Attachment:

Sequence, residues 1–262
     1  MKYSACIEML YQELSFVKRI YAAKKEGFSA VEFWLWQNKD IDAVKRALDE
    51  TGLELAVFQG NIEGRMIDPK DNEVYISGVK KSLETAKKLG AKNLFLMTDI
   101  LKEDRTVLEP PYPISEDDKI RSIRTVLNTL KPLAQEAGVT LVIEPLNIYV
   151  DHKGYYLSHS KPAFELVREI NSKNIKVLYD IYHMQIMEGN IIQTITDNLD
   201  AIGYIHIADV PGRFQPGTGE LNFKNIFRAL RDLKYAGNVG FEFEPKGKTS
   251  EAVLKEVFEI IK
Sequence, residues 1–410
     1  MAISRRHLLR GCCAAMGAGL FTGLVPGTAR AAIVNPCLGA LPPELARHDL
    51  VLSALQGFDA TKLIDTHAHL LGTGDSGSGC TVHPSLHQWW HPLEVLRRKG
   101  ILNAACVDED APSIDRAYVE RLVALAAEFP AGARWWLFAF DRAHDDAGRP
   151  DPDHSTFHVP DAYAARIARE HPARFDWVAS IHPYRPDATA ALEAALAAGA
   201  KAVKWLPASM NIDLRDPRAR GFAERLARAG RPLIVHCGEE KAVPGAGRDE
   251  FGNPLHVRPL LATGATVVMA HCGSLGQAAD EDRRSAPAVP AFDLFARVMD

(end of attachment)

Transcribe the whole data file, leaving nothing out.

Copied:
Sequence, residues 1–262
     1  MKYSACIEML YQELSFVKRI YAAKKEGFSA VEFWLWQNKD IDAVKRALDE
    51  TGLELAVFQG NIEGRMIDPK DNEVYISGVK KSLETAKKLG AKNLFLMTDI
   101  LKEDRTVLEP PYPISEDDKI RSIRTVLNTL KPLAQEAGVT LVIEPLNIYV
   151  DHKGYYLSHS KPAFELVREI NSKNIKVLYD IYHMQIMEGN IIQTITDNLD
   201  AIGYIHIADV PGRFQPGTGE LNFKNIFRAL RDLKYAGNVG FEFEPKGKTS
   251  EAVLKEVFEI IK
Sequence, residues 1–410
     1  MAISRRHLLR GCCAAMGAGL FTGLVPGTAR AAIVNPCLGA LPPELARHDL
    51  VLSALQGFDA TKLIDTHAHL LGTGDSGSGC TVHPSLHQWW HPLEVLRRKG
   101  ILNAACVDED APSIDRAYVE RLVALAAEFP AGARWWLFAF DRAHDDAGRP
   151  DPDHSTFHVP DAYAARIARE HPARFDWVAS IHPYRPDATA ALEAALAAGA
   201  KAVKWLPASM NIDLRDPRAR GFAERLARAG RPLIVHCGEE KAVPGAGRDE
   251  FGNPLHVRPL LATGATVVMA HCGSLGQAAD EDRRSAPAVP AFDLFARVMD